— Single-sex classrooms are a trend:
- Why single-sex education is spreading across the US (Christian Science Monitor)
- Blue Is for Boys, Red Hearts for Girls (Slate)
- More public schools splitting up boys, girls (San Francisco Chronicle)
Quotas limiting the number of male students in science may be imposed by the Education Department in 2013. The White House has promised that “new guidelines will also be issued to grant-receiving universities and colleges” spelling out “Title IX rules in the science, technology, engineering and math fields.” These guidelines will likely echo existing Title IX guidelines that restrict men’s percentage of intercollegiate athletes to their percentage in overall student bodies, thus reducing the overall number of intercollegiate athletes. (Under the three-part Title IX test created by the Education Department’s Office for Civil Rights, where I used to work, colleges are allowed to temporarily comply by increasing the number of female athletes rather than cutting the number of male athletes, but the only viable permanent way to comply with its rule is to restrict men’s participation relative to women’s participation, reducing overall participation.) Thus, as Charlotte Allen notes, the Obama administration’s guidelines are likely to lead to “science quotas” based on gender.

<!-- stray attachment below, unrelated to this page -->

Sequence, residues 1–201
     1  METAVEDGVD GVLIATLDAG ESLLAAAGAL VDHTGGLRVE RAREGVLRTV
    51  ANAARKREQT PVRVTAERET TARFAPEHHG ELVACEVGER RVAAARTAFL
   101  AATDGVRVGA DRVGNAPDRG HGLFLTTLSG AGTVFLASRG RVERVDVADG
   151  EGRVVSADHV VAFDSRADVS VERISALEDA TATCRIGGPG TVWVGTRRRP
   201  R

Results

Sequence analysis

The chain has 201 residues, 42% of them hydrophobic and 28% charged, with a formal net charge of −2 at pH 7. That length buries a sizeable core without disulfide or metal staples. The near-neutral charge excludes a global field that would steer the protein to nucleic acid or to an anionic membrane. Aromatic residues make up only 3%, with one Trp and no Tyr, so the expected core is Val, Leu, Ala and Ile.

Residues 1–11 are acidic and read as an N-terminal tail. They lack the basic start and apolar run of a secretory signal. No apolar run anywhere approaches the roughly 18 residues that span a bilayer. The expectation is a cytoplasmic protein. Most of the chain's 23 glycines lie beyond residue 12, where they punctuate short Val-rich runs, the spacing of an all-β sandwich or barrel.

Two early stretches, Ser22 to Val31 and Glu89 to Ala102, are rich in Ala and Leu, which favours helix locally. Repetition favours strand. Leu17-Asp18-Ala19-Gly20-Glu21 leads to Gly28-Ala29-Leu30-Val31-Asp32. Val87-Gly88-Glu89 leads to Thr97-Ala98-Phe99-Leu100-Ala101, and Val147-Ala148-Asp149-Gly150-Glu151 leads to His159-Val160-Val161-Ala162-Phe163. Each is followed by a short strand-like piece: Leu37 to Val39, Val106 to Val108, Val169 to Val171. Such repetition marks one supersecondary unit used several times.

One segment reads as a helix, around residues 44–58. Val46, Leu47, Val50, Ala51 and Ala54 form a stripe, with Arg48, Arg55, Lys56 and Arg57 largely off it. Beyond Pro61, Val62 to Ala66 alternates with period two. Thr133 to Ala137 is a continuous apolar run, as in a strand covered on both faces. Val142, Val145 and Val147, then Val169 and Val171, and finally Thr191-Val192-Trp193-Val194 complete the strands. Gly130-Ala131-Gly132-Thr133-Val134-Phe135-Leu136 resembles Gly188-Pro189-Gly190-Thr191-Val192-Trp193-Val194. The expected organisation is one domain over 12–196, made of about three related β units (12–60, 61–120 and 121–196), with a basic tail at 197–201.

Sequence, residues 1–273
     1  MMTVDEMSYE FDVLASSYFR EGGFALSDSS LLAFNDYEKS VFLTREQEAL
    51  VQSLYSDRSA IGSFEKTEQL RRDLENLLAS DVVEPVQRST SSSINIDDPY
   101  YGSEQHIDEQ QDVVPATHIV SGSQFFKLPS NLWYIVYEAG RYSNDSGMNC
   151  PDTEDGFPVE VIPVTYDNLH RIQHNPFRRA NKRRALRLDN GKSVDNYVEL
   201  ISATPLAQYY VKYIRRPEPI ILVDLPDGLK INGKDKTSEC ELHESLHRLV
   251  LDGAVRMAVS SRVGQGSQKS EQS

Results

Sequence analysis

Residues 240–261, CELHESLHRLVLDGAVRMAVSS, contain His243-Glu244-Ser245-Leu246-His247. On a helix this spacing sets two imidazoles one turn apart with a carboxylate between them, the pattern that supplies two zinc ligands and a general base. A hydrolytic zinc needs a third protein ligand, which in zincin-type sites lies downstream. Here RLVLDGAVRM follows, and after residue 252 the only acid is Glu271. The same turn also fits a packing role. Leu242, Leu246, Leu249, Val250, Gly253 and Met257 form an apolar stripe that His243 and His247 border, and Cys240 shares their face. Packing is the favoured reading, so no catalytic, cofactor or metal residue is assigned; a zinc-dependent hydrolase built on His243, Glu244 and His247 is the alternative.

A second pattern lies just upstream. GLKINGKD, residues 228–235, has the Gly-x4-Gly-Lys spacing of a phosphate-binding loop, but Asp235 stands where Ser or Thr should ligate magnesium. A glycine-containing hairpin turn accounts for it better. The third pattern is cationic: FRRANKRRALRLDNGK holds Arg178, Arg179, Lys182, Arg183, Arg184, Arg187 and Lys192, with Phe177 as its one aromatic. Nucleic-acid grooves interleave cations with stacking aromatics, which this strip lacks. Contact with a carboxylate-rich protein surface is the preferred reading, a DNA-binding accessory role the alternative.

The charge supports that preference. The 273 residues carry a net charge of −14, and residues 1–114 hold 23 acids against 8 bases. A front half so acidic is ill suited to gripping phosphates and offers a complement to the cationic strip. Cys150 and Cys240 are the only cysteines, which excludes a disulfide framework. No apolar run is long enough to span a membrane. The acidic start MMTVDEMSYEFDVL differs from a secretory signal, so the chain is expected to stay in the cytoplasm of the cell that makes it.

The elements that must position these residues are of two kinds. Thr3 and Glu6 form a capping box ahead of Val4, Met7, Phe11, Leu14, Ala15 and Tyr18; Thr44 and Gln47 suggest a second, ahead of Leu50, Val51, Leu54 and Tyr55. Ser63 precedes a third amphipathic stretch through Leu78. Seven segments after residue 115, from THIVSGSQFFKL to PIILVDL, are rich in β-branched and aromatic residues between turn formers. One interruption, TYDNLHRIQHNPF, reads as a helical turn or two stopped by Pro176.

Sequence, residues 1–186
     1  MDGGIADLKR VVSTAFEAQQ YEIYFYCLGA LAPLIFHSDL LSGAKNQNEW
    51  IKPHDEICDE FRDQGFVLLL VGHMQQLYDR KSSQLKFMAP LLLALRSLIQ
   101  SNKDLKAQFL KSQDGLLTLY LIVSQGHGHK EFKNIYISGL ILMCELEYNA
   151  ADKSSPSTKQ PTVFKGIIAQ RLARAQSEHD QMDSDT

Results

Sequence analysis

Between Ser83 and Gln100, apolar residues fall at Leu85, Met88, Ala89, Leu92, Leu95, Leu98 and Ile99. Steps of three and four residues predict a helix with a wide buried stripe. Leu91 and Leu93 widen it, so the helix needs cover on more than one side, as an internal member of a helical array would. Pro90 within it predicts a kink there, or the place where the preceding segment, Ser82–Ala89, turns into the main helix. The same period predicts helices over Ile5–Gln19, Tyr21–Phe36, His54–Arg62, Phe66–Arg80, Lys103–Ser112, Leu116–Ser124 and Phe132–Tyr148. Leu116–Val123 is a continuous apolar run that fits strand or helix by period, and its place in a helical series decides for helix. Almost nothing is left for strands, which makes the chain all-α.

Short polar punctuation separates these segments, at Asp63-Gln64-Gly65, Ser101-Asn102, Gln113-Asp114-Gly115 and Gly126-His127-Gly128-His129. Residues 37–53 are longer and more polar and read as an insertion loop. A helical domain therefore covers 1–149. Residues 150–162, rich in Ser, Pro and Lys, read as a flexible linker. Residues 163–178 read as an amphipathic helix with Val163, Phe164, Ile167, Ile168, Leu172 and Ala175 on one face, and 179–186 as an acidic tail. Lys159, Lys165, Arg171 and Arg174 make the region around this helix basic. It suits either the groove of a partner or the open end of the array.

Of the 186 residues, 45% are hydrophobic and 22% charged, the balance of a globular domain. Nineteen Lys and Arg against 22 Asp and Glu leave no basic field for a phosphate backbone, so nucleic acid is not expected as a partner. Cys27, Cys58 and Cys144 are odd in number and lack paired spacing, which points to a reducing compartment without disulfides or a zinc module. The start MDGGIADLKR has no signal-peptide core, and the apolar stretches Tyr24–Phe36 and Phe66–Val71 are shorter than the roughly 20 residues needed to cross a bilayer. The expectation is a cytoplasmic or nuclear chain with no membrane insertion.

— The “gainful employment” rule for career-training schools has been struck down in court, but it could be a “Pyrrhic victory for the for-profit colleges”.
A federal judge in Washington has overturned a main component of the federal Department of Education’s “gainful employment” rules, which were applied to career-training programs and were hotly contested by for-profit colleges, saying that regulation was arbitrary.
A window into what goes on during the reading of applications; among the insights:
I can remember very clearly last year talking about a student who I wasn’t particularly impressed with. I felt that the application was flat; the writing wasn’t compelling to me; the recommendations, while good, they weren’t powerful, they didn’t support the student’s admission.
… And then one of the other committee members made the argument and said, look, this child is from a single-parent home, they spend a lot of time helping to support a younger sibling, they don’t have as much time for the extracurricular activities. You could tell that the school didn’t really know the student, because the student couldn’t stay after and participate in a lot of activities. And I think seeing through a different lens to some degree, slowing down and really looking at the student on her own individual merits, that made all the difference.
Two of the careers listed:
Mathematicians and scientists are 1.85 times more likely to commit suicide than average…
Dentists are 5.45 times more likely to commit suicide than average